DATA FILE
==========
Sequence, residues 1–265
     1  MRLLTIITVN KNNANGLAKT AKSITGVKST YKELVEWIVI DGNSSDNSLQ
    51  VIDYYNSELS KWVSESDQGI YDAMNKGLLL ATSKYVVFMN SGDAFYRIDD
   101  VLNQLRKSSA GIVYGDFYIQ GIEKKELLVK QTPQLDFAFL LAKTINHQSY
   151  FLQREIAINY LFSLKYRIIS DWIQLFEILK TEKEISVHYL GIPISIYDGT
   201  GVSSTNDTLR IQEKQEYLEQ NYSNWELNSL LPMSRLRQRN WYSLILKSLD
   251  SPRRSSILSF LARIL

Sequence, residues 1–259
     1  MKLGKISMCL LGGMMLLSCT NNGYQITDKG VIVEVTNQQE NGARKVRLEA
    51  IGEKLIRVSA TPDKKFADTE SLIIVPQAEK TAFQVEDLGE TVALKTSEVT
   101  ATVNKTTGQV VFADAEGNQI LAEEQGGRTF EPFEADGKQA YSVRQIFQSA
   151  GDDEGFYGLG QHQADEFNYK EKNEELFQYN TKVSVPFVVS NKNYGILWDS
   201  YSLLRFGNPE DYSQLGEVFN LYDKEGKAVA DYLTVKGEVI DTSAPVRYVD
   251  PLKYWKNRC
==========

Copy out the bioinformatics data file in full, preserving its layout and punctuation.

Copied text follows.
Sequence, residues 1–265
     1  MRLLTIITVN KNNANGLAKT AKSITGVKST YKELVEWIVI DGNSSDNSLQ
    51  VIDYYNSELS KWVSESDQGI YDAMNKGLLL ATSKYVVFMN SGDAFYRIDD
   101  VLNQLRKSSA GIVYGDFYIQ GIEKKELLVK QTPQLDFAFL LAKTINHQSY
   151  FLQREIAINY LFSLKYRIIS DWIQLFEILK TEKEISVHYL GIPISIYDGT
   201  GVSSTNDTLR IQEKQEYLEQ NYSNWELNSL LPMSRLRQRN WYSLILKSLD
   251  SPRRSSILSF LARIL

Sequence, residues 1–259
     1  MKLGKISMCL LGGMMLLSCT NNGYQITDKG VIVEVTNQQE NGARKVRLEA
    51  IGEKLIRVSA TPDKKFADTE SLIIVPQAEK TAFQVEDLGE TVALKTSEVT
   101  ATVNKTTGQV VFADAEGNQI LAEEQGGRTF EPFEADGKQA YSVRQIFQSA
   151  GDDEGFYGLG QHQADEFNYK EKNEELFQYN TKVSVPFVVS NKNYGILWDS
   201  YSLLRFGNPE DYSQLGEVFN LYDKEGKAVA DYLTVKGEVI DTSAPVRYVD
   251  PLKYWKNRC